Objective: To determine differences in rehabilitation trajectories and return to work (RTW) and social outcomes in individuals with mild traumatic brain injury (mTBI) with and without significant psychiatric histories at index hospitalization.
Setting: Three level 1 trauma centers participating in the Transforming Research and Clinical Knowledge in Traumatic Brain Injury (TRACK-TBI) consortium.
Participants: A total of 305 individuals with index mTBI enrolled in the TRACK-TBI pilot project.
Design: Secondary analysis of data from the TRACK-TBI pilot study.
Main measures: Chart review and patient/family interview at emergency department (ED) admission, ED clinical data, ED discharge plan, functional interview data at 3- and 6-month outcomes, Trail Making Tests, the Wechsler Adult Intelligence Scale, Fourth Edition, Processing Speed Index, the California Verbal Learning Test, Second Edition, and the Craig Handicap Assessment and Reporting Technique.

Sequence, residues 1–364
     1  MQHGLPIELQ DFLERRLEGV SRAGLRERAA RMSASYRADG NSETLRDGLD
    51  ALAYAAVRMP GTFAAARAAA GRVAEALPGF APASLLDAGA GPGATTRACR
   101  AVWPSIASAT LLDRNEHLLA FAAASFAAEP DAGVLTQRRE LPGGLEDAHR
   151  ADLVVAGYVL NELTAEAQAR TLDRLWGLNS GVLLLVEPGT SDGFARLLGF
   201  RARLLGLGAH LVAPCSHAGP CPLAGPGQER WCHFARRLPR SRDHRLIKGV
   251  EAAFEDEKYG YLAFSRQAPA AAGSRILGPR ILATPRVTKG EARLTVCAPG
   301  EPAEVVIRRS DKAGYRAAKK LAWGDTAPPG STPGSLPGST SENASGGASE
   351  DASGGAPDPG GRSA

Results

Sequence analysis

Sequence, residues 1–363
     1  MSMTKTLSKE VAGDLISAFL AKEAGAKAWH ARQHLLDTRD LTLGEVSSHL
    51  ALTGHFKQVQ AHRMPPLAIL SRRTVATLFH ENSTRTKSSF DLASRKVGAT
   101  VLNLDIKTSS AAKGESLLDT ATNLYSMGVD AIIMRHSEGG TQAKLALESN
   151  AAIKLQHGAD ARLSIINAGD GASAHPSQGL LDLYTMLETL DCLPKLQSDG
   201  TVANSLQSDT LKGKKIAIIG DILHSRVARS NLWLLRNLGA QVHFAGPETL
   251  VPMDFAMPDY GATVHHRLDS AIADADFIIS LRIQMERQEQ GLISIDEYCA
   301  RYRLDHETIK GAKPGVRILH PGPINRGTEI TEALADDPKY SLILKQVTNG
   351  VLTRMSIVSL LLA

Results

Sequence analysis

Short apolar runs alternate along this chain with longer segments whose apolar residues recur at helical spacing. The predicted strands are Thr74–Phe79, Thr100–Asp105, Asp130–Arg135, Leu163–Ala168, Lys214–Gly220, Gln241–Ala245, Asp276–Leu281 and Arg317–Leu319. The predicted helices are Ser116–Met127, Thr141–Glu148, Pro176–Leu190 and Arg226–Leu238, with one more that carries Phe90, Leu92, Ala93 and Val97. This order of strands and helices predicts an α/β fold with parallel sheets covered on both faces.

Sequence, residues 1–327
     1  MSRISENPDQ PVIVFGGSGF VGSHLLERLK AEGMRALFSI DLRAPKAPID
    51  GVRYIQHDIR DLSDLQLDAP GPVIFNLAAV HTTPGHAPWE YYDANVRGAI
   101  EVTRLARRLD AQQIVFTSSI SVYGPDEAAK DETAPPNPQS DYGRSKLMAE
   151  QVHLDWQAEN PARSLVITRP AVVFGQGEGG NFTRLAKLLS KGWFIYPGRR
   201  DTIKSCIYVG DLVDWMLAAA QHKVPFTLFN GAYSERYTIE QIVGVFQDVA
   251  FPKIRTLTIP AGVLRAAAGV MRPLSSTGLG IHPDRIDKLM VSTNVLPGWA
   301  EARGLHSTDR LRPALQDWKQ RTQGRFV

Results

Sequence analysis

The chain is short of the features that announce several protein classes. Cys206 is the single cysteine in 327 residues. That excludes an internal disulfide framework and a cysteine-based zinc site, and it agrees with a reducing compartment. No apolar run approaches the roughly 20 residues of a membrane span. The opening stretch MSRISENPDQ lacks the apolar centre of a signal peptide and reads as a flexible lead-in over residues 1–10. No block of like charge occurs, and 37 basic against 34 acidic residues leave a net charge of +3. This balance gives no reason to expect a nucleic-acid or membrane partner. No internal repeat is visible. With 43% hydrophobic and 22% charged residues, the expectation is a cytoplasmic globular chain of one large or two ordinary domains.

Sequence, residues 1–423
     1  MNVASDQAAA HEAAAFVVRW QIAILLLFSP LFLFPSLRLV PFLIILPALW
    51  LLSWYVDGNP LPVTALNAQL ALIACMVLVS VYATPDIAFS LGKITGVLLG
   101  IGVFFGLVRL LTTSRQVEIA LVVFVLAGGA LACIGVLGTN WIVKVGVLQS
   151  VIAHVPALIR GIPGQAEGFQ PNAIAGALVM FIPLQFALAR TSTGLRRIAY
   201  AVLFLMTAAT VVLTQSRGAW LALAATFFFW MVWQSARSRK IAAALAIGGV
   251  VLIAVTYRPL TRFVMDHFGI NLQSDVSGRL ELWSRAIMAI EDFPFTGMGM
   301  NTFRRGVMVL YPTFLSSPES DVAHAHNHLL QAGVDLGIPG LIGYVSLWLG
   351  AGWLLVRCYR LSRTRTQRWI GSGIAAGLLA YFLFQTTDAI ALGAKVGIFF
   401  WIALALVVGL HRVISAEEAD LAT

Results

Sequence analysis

Results: Controlling for neurological history and CT lesion at ED admission, participants with and without psychiatric histories did not differ in terms of treatment, return to work, or reported social function. Individuals with psychiatric histories demonstrated lower processing speed and reported reduced satisfaction with occupational function at outcome.
Conclusions: Individuals with mTBI and psychiatric histories may require specialized rehabilitation planning to address increased risk for cognitive difficulties and occupational dissatisfaction at outcome. CT lesion may independently influence outcomes.